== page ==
Wells Fargo’s WM Unit Poised for Major Reorganization
Wealth managers at scandal-plagued Wells Fargo will now have to contend with a restructuring of the unit, according to a memo from the head of Wells Fargo’s Wealth and Investment Management division cited by AdvisorHub.
In a memo sent out to the unit’s 36,000 employees last week, Jonathan Weiss said they’ll need “discipline, fortitude, integrity and compassion” to handle the restructuring of the wealth management unit that will be announced during the next few weeks, according to the industry news website. Weiss didn’t provide any details on the restructuring but said it would affect various middle- and back-office as well as client-facing facets of the business, AdvisorHub writes. The reorganization, according to Weiss’s memo, would simplify the firm’s front-line client business, leverage its middle- and back-office operations and streamline delivery of products while cutting operational risk, the publication writes.
Wells Fargo’s wealth management unit stayed out of the regulators’ crosshairs for some time following the 2016 revelations that thousands of employees in the company’s retail banking division opened millions of client accounts without their authorization.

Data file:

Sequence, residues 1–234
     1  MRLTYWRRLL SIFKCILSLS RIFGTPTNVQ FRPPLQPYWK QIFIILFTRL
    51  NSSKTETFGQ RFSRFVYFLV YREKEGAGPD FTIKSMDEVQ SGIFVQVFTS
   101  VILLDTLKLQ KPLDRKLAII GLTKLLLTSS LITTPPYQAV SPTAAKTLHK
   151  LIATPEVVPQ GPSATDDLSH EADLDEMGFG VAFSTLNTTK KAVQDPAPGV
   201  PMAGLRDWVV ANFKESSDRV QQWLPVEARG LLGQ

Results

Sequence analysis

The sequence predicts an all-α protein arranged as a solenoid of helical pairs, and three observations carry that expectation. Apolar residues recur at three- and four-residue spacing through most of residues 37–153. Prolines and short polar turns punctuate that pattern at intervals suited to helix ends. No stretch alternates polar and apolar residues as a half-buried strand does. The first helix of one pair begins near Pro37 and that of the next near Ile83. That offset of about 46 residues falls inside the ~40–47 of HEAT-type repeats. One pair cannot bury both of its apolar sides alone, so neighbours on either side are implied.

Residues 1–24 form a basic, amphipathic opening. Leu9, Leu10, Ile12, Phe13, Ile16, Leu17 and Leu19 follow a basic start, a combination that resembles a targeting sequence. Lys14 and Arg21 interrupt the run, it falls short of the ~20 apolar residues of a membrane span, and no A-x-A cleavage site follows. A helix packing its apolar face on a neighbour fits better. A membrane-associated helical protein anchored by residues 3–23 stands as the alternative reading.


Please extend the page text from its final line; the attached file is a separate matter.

But spurred on by whistleblower complaints sent to regulators in September, the Justice Department and the SEC began investigating sales practices at the wealth unit as well.
Weiss’ memo didn’t address the fake-account scandal, according to AdvisorHub. However, he said the current model of operations for private bankers and financial advisors limits the products and services the company can offer to its clients, according to the website.
Wells Fargo Advisors’ 14,200 brokers had been expecting some sort of restructuring aimed at getting rid of redundant staff and operations the firm had built up after years of acquisitions of regional brokerages, AdvisorHub writes.
Nonetheless, Weiss’s memo produced some negative reactions among Wells Fargo Advisors’ rank and file, according to the publication.
“More doubt and questions,” a complex manager wrote in an email to AdvisorHub. “Very disappointing memo with not much detail.”
A spokeswoman for the firm tells the website the memo didn’t have details because there had been no final decisions made.